US Special Operations messaging campaigns in the past have dropped leaflets and used loudspeakers to influence people. This "20th century approach" to messaging must change to incorporate "influence" operations "as an integral aspect of modern irregular warfare," says Andrew Knaggs, deputy assistant secretary of defense for Special Operations and Combating Terrorism.
The initiative to improve its public outreach efforts will require new partnerships "beyond traditional actors, throughout the world, through efforts to amplify voices of [non-governmental organizations]" and individuals who "bring transparency to malign activities of our competitors," Knaggs said at a defense industry conference, Military Times reports. Civilians who are rarely approached by US Special Operations Command will be required.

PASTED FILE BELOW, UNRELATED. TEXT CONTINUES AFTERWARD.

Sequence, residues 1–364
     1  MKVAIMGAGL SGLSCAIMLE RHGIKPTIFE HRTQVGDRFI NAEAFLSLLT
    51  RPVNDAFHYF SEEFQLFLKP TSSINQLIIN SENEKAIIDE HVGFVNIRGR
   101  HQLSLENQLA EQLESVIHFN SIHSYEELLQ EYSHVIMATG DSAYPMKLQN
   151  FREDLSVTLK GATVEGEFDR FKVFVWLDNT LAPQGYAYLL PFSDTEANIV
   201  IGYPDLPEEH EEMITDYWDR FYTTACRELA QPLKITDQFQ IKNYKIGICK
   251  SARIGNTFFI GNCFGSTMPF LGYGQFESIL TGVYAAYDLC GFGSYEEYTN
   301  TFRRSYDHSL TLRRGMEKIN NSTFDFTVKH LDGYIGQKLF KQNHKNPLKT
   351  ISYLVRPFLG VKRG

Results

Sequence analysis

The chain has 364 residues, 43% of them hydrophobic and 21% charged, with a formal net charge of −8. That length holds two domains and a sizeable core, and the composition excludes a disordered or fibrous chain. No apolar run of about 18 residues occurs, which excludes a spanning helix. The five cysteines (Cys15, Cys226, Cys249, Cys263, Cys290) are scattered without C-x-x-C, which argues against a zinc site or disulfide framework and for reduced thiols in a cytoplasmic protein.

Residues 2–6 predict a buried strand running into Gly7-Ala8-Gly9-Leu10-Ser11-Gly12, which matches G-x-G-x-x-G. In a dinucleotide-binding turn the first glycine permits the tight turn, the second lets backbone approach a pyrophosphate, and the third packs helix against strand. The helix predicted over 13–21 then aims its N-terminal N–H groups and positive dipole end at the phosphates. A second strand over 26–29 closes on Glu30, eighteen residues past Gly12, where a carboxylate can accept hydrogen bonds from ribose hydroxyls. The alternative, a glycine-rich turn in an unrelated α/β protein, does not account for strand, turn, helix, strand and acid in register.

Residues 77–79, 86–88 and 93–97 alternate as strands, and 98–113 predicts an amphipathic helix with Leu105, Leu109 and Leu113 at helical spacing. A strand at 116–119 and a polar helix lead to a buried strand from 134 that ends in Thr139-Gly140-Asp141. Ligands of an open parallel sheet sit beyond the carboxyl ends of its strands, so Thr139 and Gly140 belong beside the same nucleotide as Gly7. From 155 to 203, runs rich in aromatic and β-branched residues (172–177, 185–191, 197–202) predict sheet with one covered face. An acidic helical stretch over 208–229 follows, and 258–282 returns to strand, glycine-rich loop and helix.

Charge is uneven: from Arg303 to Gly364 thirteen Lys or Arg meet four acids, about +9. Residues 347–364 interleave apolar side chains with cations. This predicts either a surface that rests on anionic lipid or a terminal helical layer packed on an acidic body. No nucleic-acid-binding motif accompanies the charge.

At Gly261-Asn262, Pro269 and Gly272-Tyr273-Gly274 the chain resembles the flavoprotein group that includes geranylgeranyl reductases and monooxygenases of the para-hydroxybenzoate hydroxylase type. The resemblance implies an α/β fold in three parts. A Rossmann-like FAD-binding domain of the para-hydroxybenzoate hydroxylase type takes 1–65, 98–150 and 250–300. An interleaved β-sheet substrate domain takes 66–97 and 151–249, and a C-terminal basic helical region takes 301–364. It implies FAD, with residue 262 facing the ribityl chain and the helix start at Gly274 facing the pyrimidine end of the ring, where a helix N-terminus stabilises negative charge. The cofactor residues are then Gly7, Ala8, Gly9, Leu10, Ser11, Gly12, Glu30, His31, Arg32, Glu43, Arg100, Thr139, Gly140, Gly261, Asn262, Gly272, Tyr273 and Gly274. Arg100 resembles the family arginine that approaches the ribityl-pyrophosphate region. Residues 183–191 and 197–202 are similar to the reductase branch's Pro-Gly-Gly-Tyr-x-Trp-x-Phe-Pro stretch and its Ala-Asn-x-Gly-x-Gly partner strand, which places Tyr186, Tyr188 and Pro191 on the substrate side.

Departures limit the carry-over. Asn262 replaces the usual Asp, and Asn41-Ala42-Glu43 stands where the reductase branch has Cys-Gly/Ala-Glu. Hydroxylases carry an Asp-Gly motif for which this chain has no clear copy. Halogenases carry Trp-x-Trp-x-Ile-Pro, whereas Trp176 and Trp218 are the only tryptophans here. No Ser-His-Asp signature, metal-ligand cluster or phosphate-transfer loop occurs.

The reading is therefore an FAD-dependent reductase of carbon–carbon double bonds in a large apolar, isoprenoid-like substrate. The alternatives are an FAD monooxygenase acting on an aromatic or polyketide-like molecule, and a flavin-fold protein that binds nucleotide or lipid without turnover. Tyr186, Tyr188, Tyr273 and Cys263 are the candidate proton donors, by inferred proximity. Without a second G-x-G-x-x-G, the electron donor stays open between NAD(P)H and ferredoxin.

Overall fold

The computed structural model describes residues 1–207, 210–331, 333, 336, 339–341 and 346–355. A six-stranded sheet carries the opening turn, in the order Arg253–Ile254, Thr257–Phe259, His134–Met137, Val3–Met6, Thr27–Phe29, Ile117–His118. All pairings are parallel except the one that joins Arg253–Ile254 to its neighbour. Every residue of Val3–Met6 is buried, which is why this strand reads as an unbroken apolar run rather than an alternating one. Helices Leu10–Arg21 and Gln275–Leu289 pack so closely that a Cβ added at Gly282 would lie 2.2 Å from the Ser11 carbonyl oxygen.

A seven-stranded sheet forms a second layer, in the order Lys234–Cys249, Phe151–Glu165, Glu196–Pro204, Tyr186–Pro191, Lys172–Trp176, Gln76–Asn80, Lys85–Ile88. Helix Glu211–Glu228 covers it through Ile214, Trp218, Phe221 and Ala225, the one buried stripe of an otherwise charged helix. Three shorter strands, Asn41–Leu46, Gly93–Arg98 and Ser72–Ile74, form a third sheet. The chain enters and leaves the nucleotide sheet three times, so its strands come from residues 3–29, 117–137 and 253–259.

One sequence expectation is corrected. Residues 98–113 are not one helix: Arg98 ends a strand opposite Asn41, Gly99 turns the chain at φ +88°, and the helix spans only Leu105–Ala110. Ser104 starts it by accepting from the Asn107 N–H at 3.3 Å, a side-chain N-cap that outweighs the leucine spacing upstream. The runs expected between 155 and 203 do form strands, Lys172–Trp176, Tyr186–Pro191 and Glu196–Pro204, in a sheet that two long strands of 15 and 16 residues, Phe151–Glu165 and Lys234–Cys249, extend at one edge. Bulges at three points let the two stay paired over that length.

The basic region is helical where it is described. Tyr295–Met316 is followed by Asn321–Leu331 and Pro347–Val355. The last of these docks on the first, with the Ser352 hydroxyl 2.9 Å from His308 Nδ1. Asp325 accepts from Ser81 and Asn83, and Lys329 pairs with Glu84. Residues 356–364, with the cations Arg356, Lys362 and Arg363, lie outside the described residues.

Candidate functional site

While 20th century messaging and influencing efforts used television and radio as mediums, SOCOM today is increasingly moving toward analyzing social media comments rapidly and translating comments from disparate languages on social media.
Rather than dropping "bombs" filled with leaflets over messaging target areas, the new focus for SOCOM is to develop and exploit technologies "that enable us to do more locally, rather than having an extended, highly robust logistical tale," the official noted.
Knaggs said that Washington's adversaries "can weaponize disinformation and propagate it to their advantage, undermining the democratic processes and deflecting blame for their malign activities… Rather than hiding from the transparency afforded by the 24-hour news cycle and pervasive social media, our adversaries embrace that cycle and use it to their advantage."
According to the report by Military Times, Knaggs did not elaborate what the vision was for SOCOM in the information war, but indicated that the process of modernizing the military's influence operations entailed scaling SOCOM's existing operations across other services.
Special operators have trained on trend analysis in social media domains and how to exert influence in those digital spaces, Federal News Network reported in April 2018.